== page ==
Speak for the Trees: Big Meeting for Big Ivy’s Old-Growth Forests

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Last month, the Forest Service proposed leaving 70 percent of Big Ivy open to logging, including most of its old-growth forests.

A broad coalition of outdoor enthusiasts are fighting back. They believe most of Big Ivy should be permanently protected from logging, and they have organized a grassroots movement to protect one of the most ancient and magnificent forests in Appalachia.

Today, the Buncombe County Commissioners will vote on a resolution supporting an expanded wilderness for Big Ivy. If passed, it will support the first and only wilderness in Buncombe County, and it will protect some of the region’s most ancient forests and most celebrated vistas. The views from Craggy Gardens along the Blue Ridge Parkway are panoramas of the unscarred Big Ivy forest, and its old-growth forests are some of the largest in the East.

The wilderness recommendation will not affect any current uses of Big Ivy. Mountain biking, horseback riding, hunting, and fishing will all continue to be allowed. The boundaries have been carefully drawn so that all mountain bike trails will be outside of the recommended area. No roads or trails will be closed to anyone. The wilderness recommendation will simply prohibit logging and development in trail-less, high-elevation areas of Big Ivy where most of the old-growth forests are located.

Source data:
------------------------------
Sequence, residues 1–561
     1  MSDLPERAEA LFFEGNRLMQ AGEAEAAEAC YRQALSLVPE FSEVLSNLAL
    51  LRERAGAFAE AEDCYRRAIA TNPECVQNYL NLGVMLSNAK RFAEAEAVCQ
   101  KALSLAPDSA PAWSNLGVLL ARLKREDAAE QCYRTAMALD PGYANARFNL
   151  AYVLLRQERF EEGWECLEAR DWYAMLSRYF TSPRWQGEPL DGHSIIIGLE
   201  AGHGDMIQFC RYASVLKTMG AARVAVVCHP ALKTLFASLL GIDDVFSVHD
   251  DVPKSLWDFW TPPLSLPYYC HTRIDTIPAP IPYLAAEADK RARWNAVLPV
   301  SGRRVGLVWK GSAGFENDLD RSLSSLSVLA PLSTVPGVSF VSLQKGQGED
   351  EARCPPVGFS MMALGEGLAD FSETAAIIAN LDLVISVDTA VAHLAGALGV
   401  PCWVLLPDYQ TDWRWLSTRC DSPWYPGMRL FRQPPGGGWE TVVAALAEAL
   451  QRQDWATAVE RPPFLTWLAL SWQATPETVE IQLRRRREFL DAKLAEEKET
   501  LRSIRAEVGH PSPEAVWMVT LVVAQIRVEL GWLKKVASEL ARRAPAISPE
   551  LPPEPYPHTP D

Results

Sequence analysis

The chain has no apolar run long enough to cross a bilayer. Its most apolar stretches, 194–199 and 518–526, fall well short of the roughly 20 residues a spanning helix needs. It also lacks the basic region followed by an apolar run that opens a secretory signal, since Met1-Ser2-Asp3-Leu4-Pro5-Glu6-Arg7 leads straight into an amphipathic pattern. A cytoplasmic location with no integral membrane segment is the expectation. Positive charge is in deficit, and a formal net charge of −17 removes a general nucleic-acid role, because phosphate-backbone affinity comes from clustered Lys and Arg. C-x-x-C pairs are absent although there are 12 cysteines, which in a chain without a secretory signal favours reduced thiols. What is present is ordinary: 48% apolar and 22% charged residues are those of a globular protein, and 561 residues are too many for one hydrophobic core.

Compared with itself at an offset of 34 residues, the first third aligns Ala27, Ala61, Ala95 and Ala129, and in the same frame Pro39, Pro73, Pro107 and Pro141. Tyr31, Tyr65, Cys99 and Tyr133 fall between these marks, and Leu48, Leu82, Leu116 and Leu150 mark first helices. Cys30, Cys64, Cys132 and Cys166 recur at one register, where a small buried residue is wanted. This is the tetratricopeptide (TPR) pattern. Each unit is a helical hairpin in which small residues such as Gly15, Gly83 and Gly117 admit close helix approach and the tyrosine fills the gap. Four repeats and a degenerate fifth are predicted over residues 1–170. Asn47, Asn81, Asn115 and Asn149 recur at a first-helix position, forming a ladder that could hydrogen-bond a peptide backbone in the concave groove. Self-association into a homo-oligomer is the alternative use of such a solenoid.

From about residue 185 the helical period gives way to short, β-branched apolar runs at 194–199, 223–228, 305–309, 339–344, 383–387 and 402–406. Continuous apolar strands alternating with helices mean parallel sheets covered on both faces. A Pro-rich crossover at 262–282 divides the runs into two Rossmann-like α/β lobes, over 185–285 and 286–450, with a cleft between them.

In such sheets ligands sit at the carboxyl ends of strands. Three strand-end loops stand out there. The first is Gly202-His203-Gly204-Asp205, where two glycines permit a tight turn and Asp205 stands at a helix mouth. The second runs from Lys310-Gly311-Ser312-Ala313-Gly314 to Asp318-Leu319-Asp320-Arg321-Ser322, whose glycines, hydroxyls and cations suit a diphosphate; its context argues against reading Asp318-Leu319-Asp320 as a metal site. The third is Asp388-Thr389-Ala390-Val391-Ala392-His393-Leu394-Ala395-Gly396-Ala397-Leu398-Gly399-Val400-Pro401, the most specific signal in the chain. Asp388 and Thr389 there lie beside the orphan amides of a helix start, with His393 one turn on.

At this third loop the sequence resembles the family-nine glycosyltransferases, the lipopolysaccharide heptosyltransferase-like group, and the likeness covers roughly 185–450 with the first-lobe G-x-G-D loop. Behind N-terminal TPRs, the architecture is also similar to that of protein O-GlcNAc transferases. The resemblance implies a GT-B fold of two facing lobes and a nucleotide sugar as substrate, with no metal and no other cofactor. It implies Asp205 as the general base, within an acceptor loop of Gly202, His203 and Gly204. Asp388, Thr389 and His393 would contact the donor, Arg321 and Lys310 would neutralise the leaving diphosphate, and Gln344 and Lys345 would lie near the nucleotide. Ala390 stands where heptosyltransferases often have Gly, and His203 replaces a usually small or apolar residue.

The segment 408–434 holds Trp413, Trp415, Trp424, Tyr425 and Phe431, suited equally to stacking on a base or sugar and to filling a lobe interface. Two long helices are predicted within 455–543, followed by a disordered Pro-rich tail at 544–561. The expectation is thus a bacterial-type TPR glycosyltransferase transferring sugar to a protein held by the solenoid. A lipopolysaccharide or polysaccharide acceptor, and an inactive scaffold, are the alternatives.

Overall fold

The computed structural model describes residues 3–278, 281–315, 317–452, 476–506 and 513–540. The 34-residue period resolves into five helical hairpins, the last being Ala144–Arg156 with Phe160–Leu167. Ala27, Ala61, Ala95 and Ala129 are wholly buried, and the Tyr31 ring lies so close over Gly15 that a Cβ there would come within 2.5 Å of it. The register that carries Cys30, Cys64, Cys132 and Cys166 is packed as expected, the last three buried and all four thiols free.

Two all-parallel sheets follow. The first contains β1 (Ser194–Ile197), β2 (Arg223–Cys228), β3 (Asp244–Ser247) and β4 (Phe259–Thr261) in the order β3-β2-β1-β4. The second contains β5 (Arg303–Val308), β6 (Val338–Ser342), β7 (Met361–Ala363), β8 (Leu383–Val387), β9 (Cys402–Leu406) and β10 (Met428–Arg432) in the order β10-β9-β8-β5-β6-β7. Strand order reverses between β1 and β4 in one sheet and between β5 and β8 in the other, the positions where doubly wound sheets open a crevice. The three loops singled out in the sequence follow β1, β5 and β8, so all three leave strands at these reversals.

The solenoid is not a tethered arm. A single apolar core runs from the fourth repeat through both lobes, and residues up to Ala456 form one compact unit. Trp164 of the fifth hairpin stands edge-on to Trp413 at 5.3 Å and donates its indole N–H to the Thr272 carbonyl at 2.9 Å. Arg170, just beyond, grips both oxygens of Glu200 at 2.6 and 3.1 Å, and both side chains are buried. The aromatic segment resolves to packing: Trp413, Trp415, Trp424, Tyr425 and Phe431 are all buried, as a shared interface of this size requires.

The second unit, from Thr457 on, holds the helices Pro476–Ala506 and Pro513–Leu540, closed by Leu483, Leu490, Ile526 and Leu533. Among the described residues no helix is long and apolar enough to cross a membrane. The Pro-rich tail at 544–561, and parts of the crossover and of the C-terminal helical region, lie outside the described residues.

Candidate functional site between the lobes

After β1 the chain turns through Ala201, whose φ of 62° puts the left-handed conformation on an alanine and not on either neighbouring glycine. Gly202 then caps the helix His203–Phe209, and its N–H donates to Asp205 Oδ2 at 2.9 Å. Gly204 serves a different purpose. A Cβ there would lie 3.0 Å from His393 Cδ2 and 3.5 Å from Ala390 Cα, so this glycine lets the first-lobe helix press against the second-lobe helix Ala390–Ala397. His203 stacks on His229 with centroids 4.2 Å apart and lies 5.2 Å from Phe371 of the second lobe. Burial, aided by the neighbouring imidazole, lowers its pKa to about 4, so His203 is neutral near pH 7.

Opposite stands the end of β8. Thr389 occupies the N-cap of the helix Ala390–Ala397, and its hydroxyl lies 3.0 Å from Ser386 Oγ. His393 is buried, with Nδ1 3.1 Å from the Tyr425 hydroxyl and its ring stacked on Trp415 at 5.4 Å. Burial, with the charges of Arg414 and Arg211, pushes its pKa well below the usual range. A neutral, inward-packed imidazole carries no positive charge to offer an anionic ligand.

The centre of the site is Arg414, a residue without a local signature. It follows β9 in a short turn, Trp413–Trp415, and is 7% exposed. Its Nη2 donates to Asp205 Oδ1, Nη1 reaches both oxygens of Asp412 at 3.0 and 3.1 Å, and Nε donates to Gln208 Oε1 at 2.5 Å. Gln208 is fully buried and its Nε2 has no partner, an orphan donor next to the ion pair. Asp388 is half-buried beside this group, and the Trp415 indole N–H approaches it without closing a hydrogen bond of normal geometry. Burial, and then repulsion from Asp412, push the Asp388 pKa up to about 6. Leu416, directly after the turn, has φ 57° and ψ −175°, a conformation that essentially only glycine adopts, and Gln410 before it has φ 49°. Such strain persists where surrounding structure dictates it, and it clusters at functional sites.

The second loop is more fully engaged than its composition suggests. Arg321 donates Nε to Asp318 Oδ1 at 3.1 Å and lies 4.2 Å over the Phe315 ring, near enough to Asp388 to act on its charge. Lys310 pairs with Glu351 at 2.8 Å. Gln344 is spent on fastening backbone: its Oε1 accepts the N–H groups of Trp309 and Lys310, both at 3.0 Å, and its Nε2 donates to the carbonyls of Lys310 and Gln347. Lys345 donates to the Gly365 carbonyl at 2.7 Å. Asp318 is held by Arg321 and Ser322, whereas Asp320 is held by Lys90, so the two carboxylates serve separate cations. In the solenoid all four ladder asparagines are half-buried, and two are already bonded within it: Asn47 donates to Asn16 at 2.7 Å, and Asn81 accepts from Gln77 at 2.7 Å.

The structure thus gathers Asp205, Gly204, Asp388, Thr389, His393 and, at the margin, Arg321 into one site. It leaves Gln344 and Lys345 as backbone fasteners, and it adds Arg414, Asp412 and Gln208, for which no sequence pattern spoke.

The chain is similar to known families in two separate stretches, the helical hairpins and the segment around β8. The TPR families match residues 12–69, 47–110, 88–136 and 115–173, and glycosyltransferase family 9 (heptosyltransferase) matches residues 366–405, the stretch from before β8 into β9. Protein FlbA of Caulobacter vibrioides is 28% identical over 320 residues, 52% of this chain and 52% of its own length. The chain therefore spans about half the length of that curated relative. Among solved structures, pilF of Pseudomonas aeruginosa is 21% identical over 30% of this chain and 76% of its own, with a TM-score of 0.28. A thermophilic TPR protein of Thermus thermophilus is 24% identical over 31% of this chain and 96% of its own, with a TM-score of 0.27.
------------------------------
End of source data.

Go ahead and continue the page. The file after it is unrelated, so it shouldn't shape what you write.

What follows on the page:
Nearly everyone wants to keep Big Ivy just the way it is – wild, scenic, adventurous, and uncut.

Join the excitement this Tuesday at 4:30 p.m. at the County Commissioners Meeting in downtown Asheville (200 College Street, Suite 326). Free shirts and stickers will be available telling the commissioners and the Forest Service: Don’t Cut Big Ivy.

Big Ivy is one of the wildest and most ecologically significant portions of Pisgah National Forest, with big trees, big mountains, and big waterfalls. It is part of the highest mountain range east of the Mississippi River and shelters over 40 rare and endangered species. It also contains more old-growth forest than any Southern forest except Joyce Kilmer, and is just a short 25-mile drive from the city of Asheville. Big Ivy is a favorite area for hikers, mountain bikers, climbers, trail runners, horseback riders, hunters, anglers, and naturalists.


Visit friendsofbigivy.org for more information.



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